As a traveler and fact/story gatherer, what is your biggest challenge on the road?
Focus. It’s easy to have a great time while traveling, but when you know you’re going to write a story, you want it to run along a certain theme, to have experiences that mesh into a unified, easy-to-write whole. At the same time, you want to allow for spontaneityï¿½the essence of travel. If you’re writing about Korean food in Seoul, do you accept that invitation to an innovative French restaurant in the Dongdaemun neighborhood? Will it accentuate your final story, or will it end up on the cutting room floor? Unfortunately, there’s never any way to know for sure, so I go with my gut.
What is your biggest challenge in the research and writing process?
Focus. In any trip, there are so many facts and anecdotes and experiences and memories and characters that they can’t all fit into the final story. I spend a lot of time mentally sifting all of these elements, trying to figure out which fit and in what kind of order, so that structurally, my story replicates the feeling of being on that trip. Sometimes it’s easy and all the big points flow together seamlessly, and other times I try out four or five openers and kickers before finding just the right one.
There’s another challenge that comes when you’ve written a ton of these stories and have to write a ton more: How do you avoid repeating yourself? Especially in newspaper writing, you have limited space to convey setting, characters, action, and it’s easy to fall back on the same shorthand travel-writing vocabulary. I’m sure I overuse words and on occasion resort to clichï¿½, but I try desperately not to.
What is your biggest challenge from a business standpoint?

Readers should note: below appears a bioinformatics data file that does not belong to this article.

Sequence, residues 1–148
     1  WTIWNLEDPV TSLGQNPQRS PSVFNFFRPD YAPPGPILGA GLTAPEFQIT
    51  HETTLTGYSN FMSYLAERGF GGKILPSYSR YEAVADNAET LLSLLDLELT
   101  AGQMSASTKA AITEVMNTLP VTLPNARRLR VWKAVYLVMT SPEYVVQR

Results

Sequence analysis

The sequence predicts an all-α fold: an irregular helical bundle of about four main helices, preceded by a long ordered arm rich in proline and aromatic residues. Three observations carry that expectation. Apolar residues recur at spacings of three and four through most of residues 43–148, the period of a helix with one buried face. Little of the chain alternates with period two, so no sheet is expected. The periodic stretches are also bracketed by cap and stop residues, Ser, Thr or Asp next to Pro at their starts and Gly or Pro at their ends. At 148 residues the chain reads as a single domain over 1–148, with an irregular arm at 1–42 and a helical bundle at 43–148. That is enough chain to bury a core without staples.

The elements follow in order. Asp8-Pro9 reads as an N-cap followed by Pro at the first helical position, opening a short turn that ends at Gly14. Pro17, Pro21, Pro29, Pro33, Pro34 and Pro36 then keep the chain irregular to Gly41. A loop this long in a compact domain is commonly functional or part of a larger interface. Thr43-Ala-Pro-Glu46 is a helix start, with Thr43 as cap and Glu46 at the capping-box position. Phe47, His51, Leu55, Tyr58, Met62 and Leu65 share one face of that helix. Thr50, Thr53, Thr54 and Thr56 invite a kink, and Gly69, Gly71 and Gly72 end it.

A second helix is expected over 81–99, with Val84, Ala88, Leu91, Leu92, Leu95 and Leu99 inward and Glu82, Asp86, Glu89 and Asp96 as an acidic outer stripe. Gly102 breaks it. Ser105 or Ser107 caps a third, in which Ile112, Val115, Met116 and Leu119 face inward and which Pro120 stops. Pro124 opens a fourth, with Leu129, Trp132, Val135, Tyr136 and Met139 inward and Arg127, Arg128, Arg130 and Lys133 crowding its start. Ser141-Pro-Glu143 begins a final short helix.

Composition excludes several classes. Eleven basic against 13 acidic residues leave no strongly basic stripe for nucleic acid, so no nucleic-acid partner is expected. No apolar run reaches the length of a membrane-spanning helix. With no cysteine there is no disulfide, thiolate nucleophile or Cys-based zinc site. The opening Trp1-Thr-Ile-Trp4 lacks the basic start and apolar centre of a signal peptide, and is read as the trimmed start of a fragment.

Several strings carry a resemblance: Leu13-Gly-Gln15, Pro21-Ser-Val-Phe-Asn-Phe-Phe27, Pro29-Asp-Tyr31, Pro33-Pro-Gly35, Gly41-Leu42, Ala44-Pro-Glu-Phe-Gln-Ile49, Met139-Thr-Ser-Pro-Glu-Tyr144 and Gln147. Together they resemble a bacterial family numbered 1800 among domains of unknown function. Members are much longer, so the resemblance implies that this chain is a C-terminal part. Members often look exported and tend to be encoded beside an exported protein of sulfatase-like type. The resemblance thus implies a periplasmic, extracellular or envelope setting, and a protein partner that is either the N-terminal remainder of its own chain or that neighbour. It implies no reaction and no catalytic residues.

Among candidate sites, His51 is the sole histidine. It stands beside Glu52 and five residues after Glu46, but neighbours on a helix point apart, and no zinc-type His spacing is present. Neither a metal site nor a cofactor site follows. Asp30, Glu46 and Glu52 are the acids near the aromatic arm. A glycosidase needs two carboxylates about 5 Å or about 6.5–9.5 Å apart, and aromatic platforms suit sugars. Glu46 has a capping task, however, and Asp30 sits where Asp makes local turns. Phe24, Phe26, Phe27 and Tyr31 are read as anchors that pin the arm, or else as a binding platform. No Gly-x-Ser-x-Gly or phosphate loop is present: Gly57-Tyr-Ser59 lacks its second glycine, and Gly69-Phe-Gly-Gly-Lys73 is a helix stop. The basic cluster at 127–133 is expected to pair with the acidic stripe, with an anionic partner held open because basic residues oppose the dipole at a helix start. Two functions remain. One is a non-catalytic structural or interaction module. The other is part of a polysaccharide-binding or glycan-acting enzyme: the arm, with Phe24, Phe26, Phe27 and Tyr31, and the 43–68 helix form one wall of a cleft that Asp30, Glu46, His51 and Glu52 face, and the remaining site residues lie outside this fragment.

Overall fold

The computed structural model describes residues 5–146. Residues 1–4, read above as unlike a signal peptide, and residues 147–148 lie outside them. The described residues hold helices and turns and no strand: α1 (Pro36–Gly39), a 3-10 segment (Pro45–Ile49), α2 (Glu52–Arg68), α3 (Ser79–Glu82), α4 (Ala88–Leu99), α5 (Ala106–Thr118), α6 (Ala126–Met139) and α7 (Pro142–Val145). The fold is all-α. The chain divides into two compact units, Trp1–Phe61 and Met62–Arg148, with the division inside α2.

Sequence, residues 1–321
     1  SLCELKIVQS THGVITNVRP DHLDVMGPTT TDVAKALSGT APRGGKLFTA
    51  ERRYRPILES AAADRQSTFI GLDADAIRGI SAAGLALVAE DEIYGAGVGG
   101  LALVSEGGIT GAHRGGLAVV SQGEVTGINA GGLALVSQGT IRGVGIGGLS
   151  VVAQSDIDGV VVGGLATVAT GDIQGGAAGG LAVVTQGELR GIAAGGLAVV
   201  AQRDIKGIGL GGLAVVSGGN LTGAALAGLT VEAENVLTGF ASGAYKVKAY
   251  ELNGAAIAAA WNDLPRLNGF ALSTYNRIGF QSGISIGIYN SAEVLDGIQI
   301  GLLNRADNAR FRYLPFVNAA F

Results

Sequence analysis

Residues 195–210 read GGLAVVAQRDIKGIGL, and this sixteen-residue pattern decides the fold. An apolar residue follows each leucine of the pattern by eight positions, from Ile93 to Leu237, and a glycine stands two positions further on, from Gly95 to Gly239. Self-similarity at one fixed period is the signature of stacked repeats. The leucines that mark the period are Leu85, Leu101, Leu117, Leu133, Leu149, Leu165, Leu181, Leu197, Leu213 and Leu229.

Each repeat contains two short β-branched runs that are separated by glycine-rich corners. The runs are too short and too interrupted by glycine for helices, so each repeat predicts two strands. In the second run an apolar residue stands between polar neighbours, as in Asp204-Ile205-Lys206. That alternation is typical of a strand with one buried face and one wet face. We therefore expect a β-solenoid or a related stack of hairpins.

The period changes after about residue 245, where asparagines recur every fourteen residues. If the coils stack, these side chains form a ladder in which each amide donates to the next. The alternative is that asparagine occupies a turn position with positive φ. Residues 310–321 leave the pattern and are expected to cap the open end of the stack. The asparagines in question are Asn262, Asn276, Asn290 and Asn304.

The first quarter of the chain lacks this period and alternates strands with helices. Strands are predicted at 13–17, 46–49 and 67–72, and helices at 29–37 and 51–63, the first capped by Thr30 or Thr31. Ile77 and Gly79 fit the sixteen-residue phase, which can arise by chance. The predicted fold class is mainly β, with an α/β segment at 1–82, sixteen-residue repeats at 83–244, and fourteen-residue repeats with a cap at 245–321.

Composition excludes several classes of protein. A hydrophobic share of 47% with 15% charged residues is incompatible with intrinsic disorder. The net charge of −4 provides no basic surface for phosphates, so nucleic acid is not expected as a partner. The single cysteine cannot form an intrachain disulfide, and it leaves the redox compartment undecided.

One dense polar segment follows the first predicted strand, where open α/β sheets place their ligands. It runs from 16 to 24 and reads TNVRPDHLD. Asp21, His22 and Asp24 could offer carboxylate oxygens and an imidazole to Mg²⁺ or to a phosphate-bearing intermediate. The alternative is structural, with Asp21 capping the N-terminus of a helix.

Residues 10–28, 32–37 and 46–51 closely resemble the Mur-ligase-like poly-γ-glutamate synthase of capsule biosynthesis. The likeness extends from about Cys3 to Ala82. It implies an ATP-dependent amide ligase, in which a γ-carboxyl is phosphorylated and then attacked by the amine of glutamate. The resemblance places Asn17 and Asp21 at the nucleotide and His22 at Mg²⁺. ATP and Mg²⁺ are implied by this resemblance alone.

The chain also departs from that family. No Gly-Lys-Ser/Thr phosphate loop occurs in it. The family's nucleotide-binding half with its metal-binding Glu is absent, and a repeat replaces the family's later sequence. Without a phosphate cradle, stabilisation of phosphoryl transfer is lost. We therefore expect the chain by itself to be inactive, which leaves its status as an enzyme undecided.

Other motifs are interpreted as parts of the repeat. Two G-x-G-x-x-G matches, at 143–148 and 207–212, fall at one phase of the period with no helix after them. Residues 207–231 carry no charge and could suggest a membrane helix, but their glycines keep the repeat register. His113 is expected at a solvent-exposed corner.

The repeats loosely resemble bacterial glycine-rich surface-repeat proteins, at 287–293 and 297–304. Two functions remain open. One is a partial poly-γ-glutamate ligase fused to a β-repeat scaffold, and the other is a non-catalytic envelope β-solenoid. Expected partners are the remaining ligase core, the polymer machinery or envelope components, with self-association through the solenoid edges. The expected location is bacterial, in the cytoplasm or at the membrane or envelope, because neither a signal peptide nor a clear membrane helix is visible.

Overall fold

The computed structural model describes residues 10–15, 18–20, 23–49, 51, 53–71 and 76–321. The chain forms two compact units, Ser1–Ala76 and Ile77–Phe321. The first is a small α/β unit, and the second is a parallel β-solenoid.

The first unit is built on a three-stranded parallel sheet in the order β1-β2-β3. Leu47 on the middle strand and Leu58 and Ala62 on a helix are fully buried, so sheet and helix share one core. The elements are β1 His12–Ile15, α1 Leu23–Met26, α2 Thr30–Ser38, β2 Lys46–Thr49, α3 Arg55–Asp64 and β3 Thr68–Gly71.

There’s no way I could do this job if I weren’t married to a woman with a good, stable job. I’d be homeless. Seriously.
Have you ever done other work to make ends meet?
Not since I quit my last full-time job and decided I would write only what I really wanted to write. If things get really badï¿½and they could, of course, at any momentï¿½I might resort to freelance copy editing or proofreading, which I did for years. But I’d rather tend bar or deliver pizza.
What travel authors or books might you recommend and/or have influenced you?
William Vollmann’s books sent me to Vietnam. Mark Twain’s Innocents Abroad is geniusï¿½a hilarious look at a travel writer learning how to be a travel writer. Bruce Chatwin’s The Songlines captures the feeling of the wander better than anything else. As a writer, I love anything by ï¿½mile Zola. The precision of his vocabulary, the vividness of his settings, the simultaneous inevitability and unpredictability of the stories themselvesï¿½they’re what I aspire to.
What advice and/or warnings would you give to someone who is considering going into travel writing?
Go into travel before you go into travel writing. You should know how to cross a land border, book plane tickets in a language you don’t speak and befriend the old lady who squints evilly from the second-story window at everyone who passes by. In other words, if you’re just after paid vacations, then you’re going to have a tough time. But if you’re willing to put aside your ego, embrace the unknown and endure crushing poverty, then you might have a shot.
What is the biggest reward of life as a travel writer?
Duh: getting to travel!